A new interpretation of the classic L.M. Montgomery novel Anne of Green Gables is about to make its debut on Netflix after a well-received run on Canadian television. Called Anne with an E, the series looks at the old story through a new lens, tweaking familiar events to suit a more modern audience while still maintaining the qualities that drew fans to the book in the first place. However, an adaptation of anything as beloved by the masses as Anne of Green Gables will always make hardcore fans a little bit nervous about how their favorite book is treated onscreen. Exploring Netflix's Anne with an E vs. Anne of Green Gables shows they have nothing to worry about.
Anne of Green Gables told the story of spirited orphan Anne Shirley as she grew up in Avonlea on Prince Edward Island with her guardians, siblings Marilla and Matthew Cuthbert. Anne has been beloved by readers for a century because of a myriad of reasons, chief among them Anne's optimism, her resiliency, and her imagination. While Anne with an E remains true to the novel for the most part, it also elaborates and expands on many of the novel's events and themes, even when that can take a turn into some serious territory.
The most obvious difference is the shift in title: taking it from Anne of Green Gables to Anne with an E, the change reflects the overall difference in tone. The whimsy has given way to something grittier.
It's Darker & More Realistic
Showrunner Moira Walley-Beckett told The New York Times that she wanted the show to have a "documentary feel," with very specific period details and an emphasis on how Anne's past trauma has affected her. "I don't see the point in doing Anne in a way that's been done, that's very charming, teacups and doilies and 'Oh, Anne's in another scrape,'" Walley-Beckett said. "What's the more realistic way to show the way a girl like this, from a strange place, with enormous prejudices against her, would move through the world?"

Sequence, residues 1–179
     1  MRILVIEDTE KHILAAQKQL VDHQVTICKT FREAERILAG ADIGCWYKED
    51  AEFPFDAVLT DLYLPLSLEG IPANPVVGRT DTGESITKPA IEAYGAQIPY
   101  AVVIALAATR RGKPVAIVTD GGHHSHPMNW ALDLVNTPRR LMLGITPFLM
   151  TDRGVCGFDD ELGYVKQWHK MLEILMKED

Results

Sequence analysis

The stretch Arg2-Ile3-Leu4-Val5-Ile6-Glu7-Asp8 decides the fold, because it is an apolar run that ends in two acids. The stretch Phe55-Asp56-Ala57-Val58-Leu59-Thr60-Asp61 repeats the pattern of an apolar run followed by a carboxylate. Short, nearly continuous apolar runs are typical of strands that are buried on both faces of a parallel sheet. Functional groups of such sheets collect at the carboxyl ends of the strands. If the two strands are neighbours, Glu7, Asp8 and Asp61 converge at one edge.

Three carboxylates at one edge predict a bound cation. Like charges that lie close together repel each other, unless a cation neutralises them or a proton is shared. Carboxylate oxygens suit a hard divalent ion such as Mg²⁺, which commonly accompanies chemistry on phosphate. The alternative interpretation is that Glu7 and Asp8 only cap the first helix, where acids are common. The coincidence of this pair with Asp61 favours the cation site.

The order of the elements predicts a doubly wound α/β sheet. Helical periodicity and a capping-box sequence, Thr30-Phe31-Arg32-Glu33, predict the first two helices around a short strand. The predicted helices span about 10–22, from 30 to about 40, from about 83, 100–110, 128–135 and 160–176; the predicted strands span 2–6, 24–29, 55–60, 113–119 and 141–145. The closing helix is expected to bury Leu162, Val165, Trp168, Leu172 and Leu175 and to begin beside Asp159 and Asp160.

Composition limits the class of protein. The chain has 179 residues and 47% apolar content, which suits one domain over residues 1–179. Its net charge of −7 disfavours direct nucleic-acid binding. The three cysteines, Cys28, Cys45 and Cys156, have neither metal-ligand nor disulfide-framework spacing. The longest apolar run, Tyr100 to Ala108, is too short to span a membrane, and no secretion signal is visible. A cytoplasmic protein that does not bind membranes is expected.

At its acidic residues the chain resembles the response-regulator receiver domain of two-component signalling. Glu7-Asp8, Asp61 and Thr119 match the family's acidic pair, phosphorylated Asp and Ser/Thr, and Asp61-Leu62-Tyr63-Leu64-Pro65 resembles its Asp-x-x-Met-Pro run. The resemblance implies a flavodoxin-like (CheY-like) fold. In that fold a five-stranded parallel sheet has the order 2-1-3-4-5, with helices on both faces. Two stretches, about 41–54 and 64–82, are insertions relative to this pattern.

It Handles Big Themes
Anne with an E takes seeds of ideas from the original novel and follows them to their logical conclusions, meaning that issues of poverty, prejudice, bullying, trauma, and sexism all come into play.
It Explores Anne's Past
Anne's life before she came to the Cuthberts was not a happy one; her childhood was full of abuse and mistreatment at the hands of her foster families. While the novel may hint at Anne's traumatic childhood, the Netflix series explores it, complete with flashbacks at key moments to fully illustrate how Anne feels.
It's A Feminist Series
The series once again doesn't wholly depart from the novel, but instead expands on it by embracing what made so many women love Anne: how empowering and ahead of her time she could be. Walley-Beckett described Anne as an "accidental feminist" to The Huffington Post Canada Living, but added, "I am not an accidental feminist, and I really wanted to tell this story now."
Anne Is Still Anne
But Anne is still the same character so many people have come to know and love. "I take nothing away from Anne," Walley-Beckett said in her interview with The New York Times. "She is buoyant, she's optimistic, she's bright, she's fiery, she's sunny, she's imaginative, she's curious. I just add in the reality of her history."
Anne with an E may be a little different than the book it was based on, but it's just telling the same story in a new way.